Arizona man wrongfully accused of selling LSD settles suit
FLAGSTAFF, Ariz. (AP) — An Arizona man who was wrongfully arrested on suspicion of selling LSD has reached a settlement with the city of Flagstaff.
The settlement finalized Jan. 11 came nearly seven months after Tremayne Nez, who is Navajo, filed a federal lawsuit accusing Flagstaff police of ignoring evidence that showed he wasn’t a drug dealer. The city said it cleared the arrest as soon as police became aware of what they said was a case of mistaken identity and apologized.
Nez’s attorney, Gary Pearlmutter, declined to discuss the financial terms of the settlement. He said the city agreed to help ensure all court and law enforcement records clearly indicate Nez is innocent and to pursue dismissal of the charge with prejudice, meaning it can’t be refiled.
Nez himself said he appreciates the police department’s recognition of accountability and truth.
“My family and I are happy this nightmare is now behind us, and we can move on with our lives,” he said in a statement to The Associated Press.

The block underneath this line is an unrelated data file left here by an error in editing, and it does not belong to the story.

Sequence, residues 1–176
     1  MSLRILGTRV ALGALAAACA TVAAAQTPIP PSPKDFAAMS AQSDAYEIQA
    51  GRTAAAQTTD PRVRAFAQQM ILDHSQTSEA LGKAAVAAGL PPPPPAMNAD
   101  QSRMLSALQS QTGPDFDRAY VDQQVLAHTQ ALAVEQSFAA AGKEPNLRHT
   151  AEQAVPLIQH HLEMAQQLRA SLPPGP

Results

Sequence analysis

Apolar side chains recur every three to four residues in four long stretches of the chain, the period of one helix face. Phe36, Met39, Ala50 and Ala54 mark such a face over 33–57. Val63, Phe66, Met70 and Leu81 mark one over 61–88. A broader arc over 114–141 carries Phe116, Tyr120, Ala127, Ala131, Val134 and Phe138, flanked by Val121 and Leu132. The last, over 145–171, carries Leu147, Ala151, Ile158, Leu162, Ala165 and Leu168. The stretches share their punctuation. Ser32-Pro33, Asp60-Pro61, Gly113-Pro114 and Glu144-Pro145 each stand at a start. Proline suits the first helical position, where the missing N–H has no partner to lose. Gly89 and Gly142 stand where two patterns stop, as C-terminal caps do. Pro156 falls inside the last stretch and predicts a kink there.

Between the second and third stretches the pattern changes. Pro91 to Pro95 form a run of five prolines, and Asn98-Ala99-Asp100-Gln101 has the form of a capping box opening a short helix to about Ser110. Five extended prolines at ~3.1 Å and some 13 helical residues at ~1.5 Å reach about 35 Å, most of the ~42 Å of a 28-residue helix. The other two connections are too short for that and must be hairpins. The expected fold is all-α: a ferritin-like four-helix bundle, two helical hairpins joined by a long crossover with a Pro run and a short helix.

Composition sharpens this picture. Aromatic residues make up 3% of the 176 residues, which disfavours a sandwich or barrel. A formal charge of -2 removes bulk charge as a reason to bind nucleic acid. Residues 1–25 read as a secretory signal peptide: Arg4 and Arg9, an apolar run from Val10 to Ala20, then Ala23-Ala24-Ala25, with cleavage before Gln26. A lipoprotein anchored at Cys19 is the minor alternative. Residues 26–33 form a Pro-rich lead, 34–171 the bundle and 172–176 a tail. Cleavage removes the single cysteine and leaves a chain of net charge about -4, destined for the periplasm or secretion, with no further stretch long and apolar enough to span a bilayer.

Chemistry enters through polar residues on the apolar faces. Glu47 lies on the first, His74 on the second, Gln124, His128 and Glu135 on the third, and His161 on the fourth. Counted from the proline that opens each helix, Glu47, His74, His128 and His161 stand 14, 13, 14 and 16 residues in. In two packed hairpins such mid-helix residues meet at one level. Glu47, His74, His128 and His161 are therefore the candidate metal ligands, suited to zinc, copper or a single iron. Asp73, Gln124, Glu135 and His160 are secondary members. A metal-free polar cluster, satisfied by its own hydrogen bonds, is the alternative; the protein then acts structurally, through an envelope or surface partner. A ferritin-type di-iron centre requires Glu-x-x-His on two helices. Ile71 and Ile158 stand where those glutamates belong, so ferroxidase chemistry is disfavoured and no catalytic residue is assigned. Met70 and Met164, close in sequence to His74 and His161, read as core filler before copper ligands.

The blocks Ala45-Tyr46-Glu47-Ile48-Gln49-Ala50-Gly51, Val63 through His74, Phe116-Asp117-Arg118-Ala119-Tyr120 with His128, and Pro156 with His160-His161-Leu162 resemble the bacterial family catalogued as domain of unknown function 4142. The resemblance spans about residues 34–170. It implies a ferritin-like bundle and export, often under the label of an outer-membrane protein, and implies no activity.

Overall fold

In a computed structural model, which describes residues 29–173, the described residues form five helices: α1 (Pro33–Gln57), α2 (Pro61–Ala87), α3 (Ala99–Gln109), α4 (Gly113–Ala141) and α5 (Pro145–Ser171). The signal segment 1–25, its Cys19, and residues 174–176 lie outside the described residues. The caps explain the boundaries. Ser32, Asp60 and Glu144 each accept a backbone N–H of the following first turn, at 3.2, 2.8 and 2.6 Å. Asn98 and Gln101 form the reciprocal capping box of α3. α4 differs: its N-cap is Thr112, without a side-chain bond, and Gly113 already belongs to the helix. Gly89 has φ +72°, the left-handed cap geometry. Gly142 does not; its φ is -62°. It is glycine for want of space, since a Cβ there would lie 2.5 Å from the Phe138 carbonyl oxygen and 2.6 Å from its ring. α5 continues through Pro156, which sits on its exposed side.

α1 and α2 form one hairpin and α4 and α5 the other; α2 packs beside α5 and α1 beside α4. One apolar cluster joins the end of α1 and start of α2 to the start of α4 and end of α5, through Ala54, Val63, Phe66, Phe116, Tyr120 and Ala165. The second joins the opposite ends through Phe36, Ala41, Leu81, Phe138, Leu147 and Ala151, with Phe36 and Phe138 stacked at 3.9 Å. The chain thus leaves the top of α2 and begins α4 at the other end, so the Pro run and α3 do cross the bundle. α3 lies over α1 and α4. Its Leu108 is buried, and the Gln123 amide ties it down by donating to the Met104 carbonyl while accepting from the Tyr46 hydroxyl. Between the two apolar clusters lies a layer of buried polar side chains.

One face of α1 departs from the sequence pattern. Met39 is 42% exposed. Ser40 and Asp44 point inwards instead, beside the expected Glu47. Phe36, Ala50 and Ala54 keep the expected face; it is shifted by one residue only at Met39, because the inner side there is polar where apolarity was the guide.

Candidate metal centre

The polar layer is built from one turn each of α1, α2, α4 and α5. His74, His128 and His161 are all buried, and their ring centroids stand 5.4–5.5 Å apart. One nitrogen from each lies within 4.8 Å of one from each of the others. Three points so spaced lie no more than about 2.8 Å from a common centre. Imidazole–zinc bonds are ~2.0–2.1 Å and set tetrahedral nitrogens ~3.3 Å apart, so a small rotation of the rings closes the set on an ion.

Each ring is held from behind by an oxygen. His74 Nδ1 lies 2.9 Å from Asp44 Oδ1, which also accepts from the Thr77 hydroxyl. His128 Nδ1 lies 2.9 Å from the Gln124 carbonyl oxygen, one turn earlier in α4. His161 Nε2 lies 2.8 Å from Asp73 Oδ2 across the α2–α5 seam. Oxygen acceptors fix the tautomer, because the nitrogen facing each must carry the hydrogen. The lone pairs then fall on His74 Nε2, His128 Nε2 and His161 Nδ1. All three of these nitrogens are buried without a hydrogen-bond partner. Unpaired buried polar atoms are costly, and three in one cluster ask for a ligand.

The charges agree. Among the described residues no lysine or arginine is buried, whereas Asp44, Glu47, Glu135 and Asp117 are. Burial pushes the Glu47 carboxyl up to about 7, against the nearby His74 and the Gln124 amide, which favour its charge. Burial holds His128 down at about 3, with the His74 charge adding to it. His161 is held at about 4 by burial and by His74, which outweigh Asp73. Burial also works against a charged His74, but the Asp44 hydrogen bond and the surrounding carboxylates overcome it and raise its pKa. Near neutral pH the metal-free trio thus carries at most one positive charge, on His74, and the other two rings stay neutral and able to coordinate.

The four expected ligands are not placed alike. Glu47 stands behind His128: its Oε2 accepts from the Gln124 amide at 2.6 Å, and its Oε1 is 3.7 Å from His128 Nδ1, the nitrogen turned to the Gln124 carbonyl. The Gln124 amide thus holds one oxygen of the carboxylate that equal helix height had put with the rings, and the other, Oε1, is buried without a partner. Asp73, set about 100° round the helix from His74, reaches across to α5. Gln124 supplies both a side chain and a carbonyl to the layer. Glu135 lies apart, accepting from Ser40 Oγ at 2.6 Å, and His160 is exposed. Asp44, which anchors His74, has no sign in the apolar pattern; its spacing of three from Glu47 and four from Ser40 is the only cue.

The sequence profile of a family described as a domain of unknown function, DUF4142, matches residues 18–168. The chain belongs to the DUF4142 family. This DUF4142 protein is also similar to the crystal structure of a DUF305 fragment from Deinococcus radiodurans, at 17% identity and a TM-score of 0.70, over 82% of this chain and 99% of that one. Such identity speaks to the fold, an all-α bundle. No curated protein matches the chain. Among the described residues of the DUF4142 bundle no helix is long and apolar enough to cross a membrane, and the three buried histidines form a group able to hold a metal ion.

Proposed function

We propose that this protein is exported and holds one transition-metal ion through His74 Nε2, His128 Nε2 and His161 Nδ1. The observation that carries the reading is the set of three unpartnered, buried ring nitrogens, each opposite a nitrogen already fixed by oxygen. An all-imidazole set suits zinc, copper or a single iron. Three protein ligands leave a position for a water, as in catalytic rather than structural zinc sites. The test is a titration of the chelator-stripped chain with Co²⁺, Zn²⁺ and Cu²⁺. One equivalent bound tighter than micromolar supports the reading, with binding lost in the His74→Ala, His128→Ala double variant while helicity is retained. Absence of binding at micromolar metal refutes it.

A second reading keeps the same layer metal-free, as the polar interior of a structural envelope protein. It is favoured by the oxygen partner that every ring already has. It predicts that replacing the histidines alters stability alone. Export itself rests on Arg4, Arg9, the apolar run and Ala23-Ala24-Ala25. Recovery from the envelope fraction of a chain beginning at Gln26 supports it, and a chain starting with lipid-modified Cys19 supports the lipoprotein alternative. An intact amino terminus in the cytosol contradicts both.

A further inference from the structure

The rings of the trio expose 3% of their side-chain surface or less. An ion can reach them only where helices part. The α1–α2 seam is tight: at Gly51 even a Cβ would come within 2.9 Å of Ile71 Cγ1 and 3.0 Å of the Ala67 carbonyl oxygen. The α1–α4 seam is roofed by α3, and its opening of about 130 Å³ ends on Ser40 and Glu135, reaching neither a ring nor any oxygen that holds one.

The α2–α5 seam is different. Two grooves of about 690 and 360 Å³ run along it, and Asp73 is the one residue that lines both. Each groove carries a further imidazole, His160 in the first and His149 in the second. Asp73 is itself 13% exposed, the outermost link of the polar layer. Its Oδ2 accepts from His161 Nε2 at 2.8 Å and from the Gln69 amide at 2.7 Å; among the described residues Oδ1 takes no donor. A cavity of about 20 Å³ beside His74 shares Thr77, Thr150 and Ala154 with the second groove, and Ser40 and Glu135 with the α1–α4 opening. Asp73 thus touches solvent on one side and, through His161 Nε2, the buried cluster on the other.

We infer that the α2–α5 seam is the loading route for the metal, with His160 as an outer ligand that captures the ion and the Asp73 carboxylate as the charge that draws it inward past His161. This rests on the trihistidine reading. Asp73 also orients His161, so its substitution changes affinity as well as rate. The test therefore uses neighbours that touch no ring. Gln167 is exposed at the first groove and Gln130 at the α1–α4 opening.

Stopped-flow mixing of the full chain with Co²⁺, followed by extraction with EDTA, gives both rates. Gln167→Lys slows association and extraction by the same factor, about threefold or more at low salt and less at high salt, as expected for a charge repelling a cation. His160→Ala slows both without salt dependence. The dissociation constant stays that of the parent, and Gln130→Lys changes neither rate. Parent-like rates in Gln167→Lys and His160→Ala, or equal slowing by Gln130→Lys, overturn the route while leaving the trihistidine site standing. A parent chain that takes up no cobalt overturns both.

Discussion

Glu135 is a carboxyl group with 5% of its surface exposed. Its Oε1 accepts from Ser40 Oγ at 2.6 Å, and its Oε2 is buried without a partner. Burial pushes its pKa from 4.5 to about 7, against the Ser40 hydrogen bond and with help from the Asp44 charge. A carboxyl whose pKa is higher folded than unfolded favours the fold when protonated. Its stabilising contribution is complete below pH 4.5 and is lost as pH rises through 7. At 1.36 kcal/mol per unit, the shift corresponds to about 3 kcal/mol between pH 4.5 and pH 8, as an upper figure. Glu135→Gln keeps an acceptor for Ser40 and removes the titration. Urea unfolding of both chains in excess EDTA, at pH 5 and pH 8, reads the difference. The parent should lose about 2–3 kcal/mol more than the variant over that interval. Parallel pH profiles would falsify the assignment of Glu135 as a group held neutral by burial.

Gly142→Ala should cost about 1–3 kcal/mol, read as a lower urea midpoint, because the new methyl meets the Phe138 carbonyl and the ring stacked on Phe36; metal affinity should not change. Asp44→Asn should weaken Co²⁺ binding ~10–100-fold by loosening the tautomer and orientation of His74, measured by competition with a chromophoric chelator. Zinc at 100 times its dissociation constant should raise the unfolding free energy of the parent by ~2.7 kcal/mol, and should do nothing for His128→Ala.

In a December letter to Nez and his wife, Marcella, police Chief Dan Musselman said the department “appreciates the emotional trauma that Mr. Nez and his family experienced and hope that he is now able to pursue his professional goals.”
Nez and his wife initially offered to settle the matter for $350,000, but the city didn’t respond to a notice of claim, paving the way for the lawsuit that sought the same amount in compensatory damages.
Nez was among dozens of people arrested in 2019 as part of a multiagency operation to nab drug dealers around Flagstaff. Police worked with a paid informant to purchase several tabs of LSD from a man named “Trey” in the parking lot of an apartment complex where Nez no longer lived.
Nez and the actual suspect shared the same nickname, were in their early 20s, have similar physical features and are Native American, leading to the mistaken identity, police said.
The suspect had longer hair than Nez and a tooth abnormality, and Nez wears glasses.
The lawsuit called into question police department policies on identifying suspects, the timing of police reports and the accuracy of an internal database that showed Nez lived at the same address as the person police were seeking.
Pearlmutter has said his client never should have been arrested. Nez spent more than 30 hours in jail before he posted bond.
The city had asked the court in November to dismiss the case, saying the plaintiffs failed to state a claim for relief on any of the counts.